Tomlin: ‘We’re all pretty hacked’ about losing two games in a row
It may surprise you to learn, but groups of highly competitive people who are so skilled that they have reached the top of their profession do not like to lose. In fact, they are not particularly happy to lose. But there seems to be a difference between being angry about losing games and thinking there must be a team mutiny.
Of course there are frustrated people in that locker room. If it wasn’t, this would be a bad team. You shouldn’t be happy about losing. The tone in the dressing room should be a bit bitter right now, but also focused on winning the next time they are out there. And that’s the tone head coach Mike Tomlin set yesterday in his pregame press conference.
“I don’t know about the offensive room in particular — I don’t know that I diagnose it that way,” he said when asked to gauge the level of frustration on the offensive side of the ball. “I know we’re all pretty bummed that we hadn’t won the last two games and we realize football is our game and our business is winning so we’ve got to get back to business.”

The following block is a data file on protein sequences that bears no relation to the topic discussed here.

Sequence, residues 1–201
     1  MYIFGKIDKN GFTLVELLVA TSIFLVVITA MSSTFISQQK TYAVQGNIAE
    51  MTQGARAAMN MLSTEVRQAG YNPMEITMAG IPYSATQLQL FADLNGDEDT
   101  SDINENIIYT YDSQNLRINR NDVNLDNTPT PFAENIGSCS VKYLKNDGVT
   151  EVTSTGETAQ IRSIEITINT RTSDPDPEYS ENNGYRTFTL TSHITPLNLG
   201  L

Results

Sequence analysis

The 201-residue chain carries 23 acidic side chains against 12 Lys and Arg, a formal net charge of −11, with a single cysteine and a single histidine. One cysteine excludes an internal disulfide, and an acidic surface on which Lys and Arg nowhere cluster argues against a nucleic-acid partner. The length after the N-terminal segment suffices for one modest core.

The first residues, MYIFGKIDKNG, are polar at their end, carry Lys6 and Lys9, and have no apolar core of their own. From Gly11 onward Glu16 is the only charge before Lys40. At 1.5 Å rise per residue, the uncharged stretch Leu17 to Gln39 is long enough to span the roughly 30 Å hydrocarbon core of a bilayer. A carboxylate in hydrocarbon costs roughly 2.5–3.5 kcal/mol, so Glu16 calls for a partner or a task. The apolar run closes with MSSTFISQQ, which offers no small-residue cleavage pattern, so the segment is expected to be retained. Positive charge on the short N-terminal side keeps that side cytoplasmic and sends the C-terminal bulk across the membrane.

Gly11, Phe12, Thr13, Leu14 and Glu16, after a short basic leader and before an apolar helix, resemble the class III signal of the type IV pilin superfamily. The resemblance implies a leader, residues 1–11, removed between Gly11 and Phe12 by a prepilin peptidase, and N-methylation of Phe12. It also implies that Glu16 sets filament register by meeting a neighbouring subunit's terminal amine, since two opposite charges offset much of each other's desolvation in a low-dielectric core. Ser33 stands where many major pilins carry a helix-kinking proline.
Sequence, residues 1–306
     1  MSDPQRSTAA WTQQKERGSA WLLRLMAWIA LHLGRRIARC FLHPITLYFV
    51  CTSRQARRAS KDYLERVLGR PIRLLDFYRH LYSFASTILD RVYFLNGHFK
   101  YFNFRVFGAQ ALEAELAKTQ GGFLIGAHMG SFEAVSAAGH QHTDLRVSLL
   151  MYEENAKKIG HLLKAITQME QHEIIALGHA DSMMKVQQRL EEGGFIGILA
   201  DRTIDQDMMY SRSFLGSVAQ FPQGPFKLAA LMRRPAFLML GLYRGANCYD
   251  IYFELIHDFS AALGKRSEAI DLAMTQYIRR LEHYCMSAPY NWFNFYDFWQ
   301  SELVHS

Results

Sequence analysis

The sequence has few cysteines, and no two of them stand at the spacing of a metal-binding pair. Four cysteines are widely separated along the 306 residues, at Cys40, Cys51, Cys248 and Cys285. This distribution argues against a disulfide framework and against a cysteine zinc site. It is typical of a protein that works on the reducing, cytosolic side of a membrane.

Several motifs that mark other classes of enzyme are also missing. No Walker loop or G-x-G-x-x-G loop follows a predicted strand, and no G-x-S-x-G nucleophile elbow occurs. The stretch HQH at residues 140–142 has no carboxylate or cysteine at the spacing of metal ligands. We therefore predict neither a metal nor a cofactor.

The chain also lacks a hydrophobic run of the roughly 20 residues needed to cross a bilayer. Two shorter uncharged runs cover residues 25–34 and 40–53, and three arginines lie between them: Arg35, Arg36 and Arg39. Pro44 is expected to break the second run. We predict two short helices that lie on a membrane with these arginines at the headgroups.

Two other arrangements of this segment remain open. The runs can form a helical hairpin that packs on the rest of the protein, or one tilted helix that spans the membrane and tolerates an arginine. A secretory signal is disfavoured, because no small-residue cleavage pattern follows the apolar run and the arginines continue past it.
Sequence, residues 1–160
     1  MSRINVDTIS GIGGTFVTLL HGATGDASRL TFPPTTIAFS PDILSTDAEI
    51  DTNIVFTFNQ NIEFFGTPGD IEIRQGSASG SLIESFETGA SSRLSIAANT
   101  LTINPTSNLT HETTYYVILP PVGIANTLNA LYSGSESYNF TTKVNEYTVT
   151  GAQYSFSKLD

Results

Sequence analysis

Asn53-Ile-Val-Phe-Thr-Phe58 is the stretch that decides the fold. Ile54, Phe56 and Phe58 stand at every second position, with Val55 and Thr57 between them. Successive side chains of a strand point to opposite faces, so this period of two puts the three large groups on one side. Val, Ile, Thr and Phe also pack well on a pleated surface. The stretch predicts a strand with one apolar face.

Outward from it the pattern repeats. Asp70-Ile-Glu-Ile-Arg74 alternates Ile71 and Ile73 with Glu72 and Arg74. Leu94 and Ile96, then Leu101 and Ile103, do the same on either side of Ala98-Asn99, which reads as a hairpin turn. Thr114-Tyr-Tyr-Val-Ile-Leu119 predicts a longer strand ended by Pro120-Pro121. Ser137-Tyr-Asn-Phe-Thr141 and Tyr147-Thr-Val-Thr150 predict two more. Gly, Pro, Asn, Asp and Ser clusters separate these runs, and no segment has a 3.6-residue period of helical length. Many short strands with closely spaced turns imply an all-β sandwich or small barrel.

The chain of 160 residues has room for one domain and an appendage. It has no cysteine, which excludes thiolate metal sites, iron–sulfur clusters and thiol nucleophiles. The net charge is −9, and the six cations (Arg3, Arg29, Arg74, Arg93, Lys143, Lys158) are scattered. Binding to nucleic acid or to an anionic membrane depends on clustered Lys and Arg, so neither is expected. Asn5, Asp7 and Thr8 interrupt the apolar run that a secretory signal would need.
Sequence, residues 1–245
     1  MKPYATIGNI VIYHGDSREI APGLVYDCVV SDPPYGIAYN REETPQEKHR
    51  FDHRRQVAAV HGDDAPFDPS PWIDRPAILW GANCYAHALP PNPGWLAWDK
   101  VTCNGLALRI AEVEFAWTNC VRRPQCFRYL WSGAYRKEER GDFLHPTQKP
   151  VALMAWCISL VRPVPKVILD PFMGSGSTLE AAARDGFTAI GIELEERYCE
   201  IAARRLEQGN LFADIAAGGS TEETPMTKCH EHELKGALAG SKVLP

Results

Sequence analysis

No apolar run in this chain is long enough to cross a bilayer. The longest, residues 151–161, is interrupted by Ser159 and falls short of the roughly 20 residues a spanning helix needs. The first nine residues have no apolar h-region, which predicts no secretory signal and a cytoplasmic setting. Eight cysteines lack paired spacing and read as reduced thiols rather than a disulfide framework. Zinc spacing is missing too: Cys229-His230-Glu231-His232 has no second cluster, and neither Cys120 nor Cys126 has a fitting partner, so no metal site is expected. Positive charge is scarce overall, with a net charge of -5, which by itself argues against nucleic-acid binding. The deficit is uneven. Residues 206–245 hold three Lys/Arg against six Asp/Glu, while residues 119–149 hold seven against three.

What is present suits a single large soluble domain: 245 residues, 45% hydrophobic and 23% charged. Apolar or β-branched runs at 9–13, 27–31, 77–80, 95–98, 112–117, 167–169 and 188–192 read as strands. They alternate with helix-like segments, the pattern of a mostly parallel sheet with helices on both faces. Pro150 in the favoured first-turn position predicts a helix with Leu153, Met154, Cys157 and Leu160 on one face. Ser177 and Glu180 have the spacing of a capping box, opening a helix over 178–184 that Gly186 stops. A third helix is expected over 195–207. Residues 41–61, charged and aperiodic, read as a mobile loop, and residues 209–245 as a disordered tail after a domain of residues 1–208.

Winning smooths over many problems and tensions, while losing exposes them. It’s just the nature of the beast. It’s hard to be too unhappy if you’re winning, but if you’re losing games and you feel like you could be a reason why you’re winning if you were just used more, well, maybe you’re not excited about it. As it should beas long as it is channeled productively.
Maybe there’s a player or two who wants to mutiny. Who can say for sure? But there’s also a ton of misrepresentation out there, especially from the local media radio hosts if we’re being honest about it.
Andrew Fillipponi completely misrepresented postgame comments Mitch Trubisky made yesterday, such as while interviewing Ryan Clark, saying he subtly took a shot at George Pickens and Diontae Johnson for “checking out” while praising Pat Freiermuth to stay engaged in the game. despite not being targeted until late.
I apologize for that digression, but I just listened to that interview and I had to get it off my chest. It’s exactly the kind of stuff that’s being put out there right now that is toxic on so many levels. It’s irresponsible, generally speaking, but it’s also a disservice to the fans, and it, if anything, discourages players from giving anything other than stock answers — something free agents often find themselves having to resort to in the first year or two after that they have signed in Pittsburgh.